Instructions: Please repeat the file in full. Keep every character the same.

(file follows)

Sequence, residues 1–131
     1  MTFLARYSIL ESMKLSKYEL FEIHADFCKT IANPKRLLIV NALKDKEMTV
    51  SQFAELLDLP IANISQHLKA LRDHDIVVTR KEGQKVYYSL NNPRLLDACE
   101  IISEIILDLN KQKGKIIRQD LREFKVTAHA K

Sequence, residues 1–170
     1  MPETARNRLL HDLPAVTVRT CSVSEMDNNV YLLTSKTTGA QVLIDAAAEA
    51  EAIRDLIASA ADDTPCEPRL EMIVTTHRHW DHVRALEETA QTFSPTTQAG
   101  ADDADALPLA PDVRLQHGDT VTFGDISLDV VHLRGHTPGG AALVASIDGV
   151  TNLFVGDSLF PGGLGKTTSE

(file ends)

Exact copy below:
Sequence, residues 1–131
     1  MTFLARYSIL ESMKLSKYEL FEIHADFCKT IANPKRLLIV NALKDKEMTV
    51  SQFAELLDLP IANISQHLKA LRDHDIVVTR KEGQKVYYSL NNPRLLDACE
   101  IISEIILDLN KQKGKIIRQD LREFKVTAHA K

Sequence, residues 1–170
     1  MPETARNRLL HDLPAVTVRT CSVSEMDNNV YLLTSKTTGA QVLIDAAAEA
    51  EAIRDLIASA ADDTPCEPRL EMIVTTHRHW DHVRALEETA QTFSPTTQAG
   101  ADDADALPLA PDVRLQHGDT VTFGDISLDV VHLRGHTPGG AALVASIDGV
   151  TNLFVGDSLF PGGLGKTTSE